Llewellyn and Avis Bixby: 1929-1955
The memory of what the property’s former grandeur motivated Llewellyn Bixby to purchase the house and remaining property from the Jotham Bixby Company. He then set about restoring not only the adobe house but the gardens as well.
Noted landscape architect Ralph D. Cornell designed the 4.74-acre estate garden for the site. Key to the vision was preservation of as many of the existing garden features as possible.
Cornell integrated several of the existing trees, the water tower and even a try pot from Temple’s cattle ranch. A paved drive made accessing the hill easier and changed the traffic flow for both guests and family. Guests parked their cars in the forecourt, where they entered the backyard to gain access to the house. The backyard now featured a vast lawn and secondary orchard, along with a rose garden, cutting garden, and wisteria arbor.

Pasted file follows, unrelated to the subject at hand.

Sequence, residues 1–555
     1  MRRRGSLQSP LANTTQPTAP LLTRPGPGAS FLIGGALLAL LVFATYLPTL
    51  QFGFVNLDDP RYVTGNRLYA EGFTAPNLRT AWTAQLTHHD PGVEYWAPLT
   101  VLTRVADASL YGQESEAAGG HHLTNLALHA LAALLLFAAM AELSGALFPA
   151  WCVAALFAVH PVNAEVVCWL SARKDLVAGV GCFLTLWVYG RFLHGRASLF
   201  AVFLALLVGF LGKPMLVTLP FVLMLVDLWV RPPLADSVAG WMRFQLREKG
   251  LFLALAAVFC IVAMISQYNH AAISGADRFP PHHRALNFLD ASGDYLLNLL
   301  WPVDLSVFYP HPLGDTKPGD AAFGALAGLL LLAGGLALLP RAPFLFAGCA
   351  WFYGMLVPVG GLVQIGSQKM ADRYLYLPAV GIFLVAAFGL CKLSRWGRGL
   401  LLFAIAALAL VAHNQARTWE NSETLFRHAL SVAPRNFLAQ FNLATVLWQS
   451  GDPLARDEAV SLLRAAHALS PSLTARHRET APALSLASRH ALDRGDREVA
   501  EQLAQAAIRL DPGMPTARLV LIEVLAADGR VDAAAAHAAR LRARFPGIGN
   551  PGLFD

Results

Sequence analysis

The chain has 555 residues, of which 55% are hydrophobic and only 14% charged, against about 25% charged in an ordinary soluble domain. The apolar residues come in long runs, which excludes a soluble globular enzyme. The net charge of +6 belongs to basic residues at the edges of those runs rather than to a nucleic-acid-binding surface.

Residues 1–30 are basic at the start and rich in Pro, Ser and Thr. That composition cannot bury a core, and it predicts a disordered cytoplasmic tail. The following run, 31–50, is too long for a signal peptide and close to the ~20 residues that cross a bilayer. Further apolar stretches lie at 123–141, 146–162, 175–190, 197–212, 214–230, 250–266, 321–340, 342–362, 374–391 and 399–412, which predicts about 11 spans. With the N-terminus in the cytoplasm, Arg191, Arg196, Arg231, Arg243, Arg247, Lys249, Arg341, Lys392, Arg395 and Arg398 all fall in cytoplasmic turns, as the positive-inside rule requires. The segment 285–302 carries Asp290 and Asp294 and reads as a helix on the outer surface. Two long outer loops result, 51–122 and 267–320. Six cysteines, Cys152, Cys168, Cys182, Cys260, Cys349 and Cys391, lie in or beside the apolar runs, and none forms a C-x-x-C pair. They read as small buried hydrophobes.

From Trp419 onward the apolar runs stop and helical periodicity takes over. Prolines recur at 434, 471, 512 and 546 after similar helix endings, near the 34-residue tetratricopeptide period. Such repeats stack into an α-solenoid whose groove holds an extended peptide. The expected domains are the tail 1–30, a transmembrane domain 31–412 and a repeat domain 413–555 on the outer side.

In the other direction, wrapping around the drive to the garage, he installed a buffer zone of California native and exotic plants to soften the view of the developing cities beyond. This led to the servant’s wing and service yard. Once at the main entrance, the inner courtyard became an intimate garden complete with a terrace and covered verandas that extended the family’s living space. A small pond with a bronze toad served as a focal point.